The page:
The other week I was talking to my “engineer” brother on the telephone. I was recounting the rather humorous incident of Gideon trying to plug in a toaster.
“I don’t understand! What’s so funny? Where does it go!?”
Reuben was not impressed. He identifies more with my sister’s son who, if given a screwdriver, could take apart your entire house. His response, “Your kids need to read less books Miranda.”
Yeah, whatever Reuben.
Besides, I’m sure they’re bound to marry someone who knows how to plug in a toaster. Mere incidentals.
I’m kind of sold on literature based learning. I believe in the power of the story. And consequently, I try to fill their lives with good ones. Most of our books come through holds and inter-library loan. I comb through various book lists and then max out the hold quota on every library card I have. The last thing we would ever do is take our kids to the library and let them pick out whatever they wanted. Like, who does that? I suppose most books in the junior section would be considered “safe” to most people already. But they aren’t neutral. I don’t compartmentalize life, with Christianity on one side and entertainment, education, and leisure innocuously on the other. No, it’s all Christ. Every good and worthy thing is bound up in Him. I feel like the books we read should be growing us, pushing us, making our minds stronger to grasp the next good thing. I often tell my kids that easy fun isn’t fun. The goodness God has for us is such that we have to be bigger to hold it. Then, in turn, it stretches us out a little more to be able to receive more. My tactic this far has been to keep filling with what is good. To move them beyond shallow entertainment, not by telling them no, but by encouraging them to love what is better.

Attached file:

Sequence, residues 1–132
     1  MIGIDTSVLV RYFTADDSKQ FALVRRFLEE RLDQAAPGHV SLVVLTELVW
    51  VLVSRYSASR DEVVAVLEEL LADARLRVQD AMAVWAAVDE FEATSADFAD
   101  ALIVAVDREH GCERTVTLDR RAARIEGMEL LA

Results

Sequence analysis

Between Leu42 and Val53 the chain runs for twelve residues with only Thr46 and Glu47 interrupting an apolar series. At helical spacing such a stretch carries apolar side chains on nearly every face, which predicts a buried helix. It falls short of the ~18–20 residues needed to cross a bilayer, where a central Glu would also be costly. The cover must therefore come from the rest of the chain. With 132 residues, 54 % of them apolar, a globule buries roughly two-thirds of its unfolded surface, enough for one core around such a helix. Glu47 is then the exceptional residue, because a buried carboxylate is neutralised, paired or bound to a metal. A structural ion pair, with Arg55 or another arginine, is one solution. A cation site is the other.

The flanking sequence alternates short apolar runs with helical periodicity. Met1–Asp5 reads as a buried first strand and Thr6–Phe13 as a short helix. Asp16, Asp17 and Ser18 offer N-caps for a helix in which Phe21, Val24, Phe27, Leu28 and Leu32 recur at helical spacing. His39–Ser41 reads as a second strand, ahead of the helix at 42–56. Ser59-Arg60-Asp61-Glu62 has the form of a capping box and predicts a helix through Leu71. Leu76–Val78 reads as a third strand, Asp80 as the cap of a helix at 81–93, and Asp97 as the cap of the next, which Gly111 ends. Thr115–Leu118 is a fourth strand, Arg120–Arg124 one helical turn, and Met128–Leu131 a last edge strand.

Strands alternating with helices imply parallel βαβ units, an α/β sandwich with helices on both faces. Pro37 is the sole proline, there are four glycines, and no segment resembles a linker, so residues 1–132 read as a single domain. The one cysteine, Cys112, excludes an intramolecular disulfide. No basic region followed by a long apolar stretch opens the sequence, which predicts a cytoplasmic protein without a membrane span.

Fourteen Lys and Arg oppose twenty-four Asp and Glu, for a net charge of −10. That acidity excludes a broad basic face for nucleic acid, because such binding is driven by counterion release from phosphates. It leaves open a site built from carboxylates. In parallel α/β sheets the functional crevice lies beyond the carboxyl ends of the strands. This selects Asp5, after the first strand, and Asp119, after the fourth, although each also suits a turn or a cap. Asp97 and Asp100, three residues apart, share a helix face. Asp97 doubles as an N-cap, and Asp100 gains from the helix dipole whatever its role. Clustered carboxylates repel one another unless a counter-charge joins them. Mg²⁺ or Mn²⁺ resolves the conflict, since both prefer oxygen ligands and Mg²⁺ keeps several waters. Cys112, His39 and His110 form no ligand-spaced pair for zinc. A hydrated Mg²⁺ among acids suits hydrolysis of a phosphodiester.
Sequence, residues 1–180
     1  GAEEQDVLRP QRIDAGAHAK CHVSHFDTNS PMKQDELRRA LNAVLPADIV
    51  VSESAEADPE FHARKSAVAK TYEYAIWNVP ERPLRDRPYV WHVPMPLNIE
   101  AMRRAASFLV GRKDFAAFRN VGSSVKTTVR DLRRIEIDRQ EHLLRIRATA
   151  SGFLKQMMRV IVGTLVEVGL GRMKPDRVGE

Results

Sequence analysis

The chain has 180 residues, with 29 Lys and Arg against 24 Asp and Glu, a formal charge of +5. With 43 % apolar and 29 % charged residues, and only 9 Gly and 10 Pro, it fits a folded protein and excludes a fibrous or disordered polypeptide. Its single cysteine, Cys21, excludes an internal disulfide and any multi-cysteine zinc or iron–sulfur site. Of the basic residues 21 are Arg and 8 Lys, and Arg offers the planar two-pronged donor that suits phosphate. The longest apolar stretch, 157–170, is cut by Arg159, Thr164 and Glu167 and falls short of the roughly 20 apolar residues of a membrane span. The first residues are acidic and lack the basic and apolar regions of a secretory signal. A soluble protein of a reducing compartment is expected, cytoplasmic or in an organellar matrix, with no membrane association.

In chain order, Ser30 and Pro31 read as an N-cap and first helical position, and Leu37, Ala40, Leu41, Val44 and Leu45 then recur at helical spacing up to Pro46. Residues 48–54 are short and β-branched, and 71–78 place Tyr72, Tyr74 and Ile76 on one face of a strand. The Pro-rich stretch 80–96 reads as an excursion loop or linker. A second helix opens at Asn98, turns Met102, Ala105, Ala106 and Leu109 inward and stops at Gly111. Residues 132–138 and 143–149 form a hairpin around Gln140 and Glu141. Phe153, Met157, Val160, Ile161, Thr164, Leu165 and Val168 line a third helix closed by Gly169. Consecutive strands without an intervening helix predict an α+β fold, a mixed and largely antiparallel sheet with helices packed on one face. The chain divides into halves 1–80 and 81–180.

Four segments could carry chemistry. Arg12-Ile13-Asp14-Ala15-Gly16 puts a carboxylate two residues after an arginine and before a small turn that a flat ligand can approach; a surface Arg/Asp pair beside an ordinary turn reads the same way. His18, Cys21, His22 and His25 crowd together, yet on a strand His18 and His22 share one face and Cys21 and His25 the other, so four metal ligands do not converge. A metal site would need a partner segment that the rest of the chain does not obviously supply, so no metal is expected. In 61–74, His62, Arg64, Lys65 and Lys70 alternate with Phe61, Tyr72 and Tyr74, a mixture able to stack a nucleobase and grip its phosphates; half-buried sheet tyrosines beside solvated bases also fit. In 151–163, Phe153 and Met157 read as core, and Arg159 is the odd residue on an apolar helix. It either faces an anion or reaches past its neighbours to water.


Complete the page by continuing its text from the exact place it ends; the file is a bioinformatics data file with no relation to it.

The real trick is feeding the chipper who is Gideon. If left unattended he would devolve into one of those slimy creatures who existed merely between the pages of a science fiction novel bigger than his head. The kind of books that are the male equivalent of a bodice buster. But with lasers. I think the ultimate test of reading is whether or not it makes your real life richer. Is your mind stretched to grasp greater things, are you more enchanted with your God, more in love with your wife, more thankful for your children, more diligent in your work? Or are books your escape from all those things? Are they your armor or your shell? I think the world prefers us to sit back, to watch, to frantically push buttons on a controller, to be entertained, to be still. But to a Christian, the word is given to us as a sword. It empowers us. And while it is possible to read too many books, I’m not sure you can read too many good ones.